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Google, Amazon employees protest tech giants’ contract with Israel as worker activism ramps up


Hundreds of Google and Amazon employees protested Thursday outside of company offices in San Francisco, New York, Seattle and Durham, N.C., demanding that the tech giants end their $1.2 billion Project Nimbus contract to supply Israel and its military with artificial intelligence and cloud computing technology.

Some Google and Amazon workers believe that the contract will aid Israel’s surveillance efforts of Palestinians, Josh Marxen, a Google Cloud engineer based in Sunnyvale, told The Chronicle prior to the protest.

Around 1,100 Google workers have signed a petition calling on the company to drop the Nimbus contract, Marxen said. There is “no way to participate without giving data to the Israeli government that’s oppressing Palestinians,” he said. “It’s concerning.”

Google denied that the contract would aid intelligence services or bolster the military, saying protesters were inaccurately describing Project Nimbus.

“This protest group may have its own views about Israel, but that doesn’t impact our work on this contract,” a Google spokesperson said in a statement. “As we have stated many times, the contract is for workloads running on our commercial platform by Israeli government ministries such as finance, healthcare, transportation, and education. Today’s protest group is misrepresenting the contract — our work is not directed at highly sensitive or classified military workloads relevant to weapons or intelligence services.”

Around 200 workers gathered outside Google’s One Market Plaza office near San Francisco’s Embarcadero, waving signs like “no tech for Israeli apartheid,” the latest example of rising tech worker activism.

There are also allegations of Google retaliating against workers for speaking out.

Ariel Koren, a Google marketing manager who had been with the company for seven years, was a leading critic of Project Nimbus and resigned last week. Koren, a San Francisco resident, alleged that the company gave her an ultimatum: move to São Paulo, Brazil, within 17 business days or get fired, after she criticized Project Nimbus.

The New York Times reported that Google and the National Labor Relations Board investigated her complaint and did not find wrongdoing by Google.

The Project Nimbus backlash follows an uproar in 2018 over Google’s Project Maven contract with the U.S. Department of Defense to analyze drone footage, which workers feared could be used for violence. Thousands of workers signed a petition against the program and some resigned from the company. The contract reportedly wasn’t renewed.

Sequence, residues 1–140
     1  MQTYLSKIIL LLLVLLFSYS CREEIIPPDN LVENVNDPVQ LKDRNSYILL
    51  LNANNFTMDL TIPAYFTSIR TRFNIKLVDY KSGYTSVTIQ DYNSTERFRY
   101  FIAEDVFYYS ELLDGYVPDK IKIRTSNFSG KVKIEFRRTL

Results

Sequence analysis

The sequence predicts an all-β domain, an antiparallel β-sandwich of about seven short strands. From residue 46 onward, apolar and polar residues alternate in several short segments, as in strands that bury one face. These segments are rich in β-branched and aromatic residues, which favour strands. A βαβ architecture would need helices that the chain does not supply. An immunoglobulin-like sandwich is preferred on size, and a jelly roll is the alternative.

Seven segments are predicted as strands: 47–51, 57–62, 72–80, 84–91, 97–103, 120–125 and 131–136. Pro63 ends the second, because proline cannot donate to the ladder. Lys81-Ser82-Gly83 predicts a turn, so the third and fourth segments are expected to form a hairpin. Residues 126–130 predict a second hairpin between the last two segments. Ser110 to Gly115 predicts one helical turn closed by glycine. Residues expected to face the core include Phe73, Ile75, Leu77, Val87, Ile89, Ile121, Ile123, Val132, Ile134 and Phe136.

That year, Google CEO Sundar Pichai released the company’s artificial intelligence principles, which included a pledge not to design or deploy tech involved in weaponry, “surveillance violating internationally accepted norms” and tech that violates established human rights laws and principles.

“We want to be clear that while we are not developing AI for use in weapons, we will continue our work with governments and the military in many other areas. These include cybersecurity, training, military recruitment, veterans’ health care, and search and rescue. These collaborations are important and we’ll actively look for more ways to augment the critical work of these organizations and keep service members and civilians safe,” Pichai wrote at the time.

In the past four years, Google workers have also protested over the company’s handling of sexual misconduct cases, worker activism and politics.

In 2020, Google Cloud reportedly provided services for military tech company Anduril Industries’ surveillance tech used by the U.S. government along the Mexico border. Oculus VR founder Palmer Luckey is a co-founder of Anduril Industries.

Marxen, who has worked at Google for six years, said news of the Anduril work pushed him to become more involved in activism at the company.

He said he was disappointed that the company has shifted away from candid internal meetings where executives were more open to questions. Employees haven’t received any internal response on the Project Nimbus controversy as of Wednesday, he said.

Marxen feels like ethical considerations are an afterthought for the company now in favor of profit, and that the artificial intelligence principles are too narrowly applied. For instance, he said customers could potentially use Google’s technology in an abusive way, but that wouldn’t be adequately covered by the principles.

The employee unrest comes at an increasingly challenging time for Google and its parent Alphabet, which reported second quarter revenue growth dropping to 13% from 62% a year earlier as ad spending declined.

Pichai said at a conference this week that he wants to make the company more efficient and more productive with fewer resources. Last month, the company slowed down hiring.

Managers in Google Cloud, the same division involved in Project Nimbus, put it more bluntly, reportedly saying “there will be blood on the streets” if sales don’t improve, Insider reported.

Roland Li is a San Francisco Chronicle staff writer. Email: roland.li@sfchronicle.com Twitter: @rolandlisf





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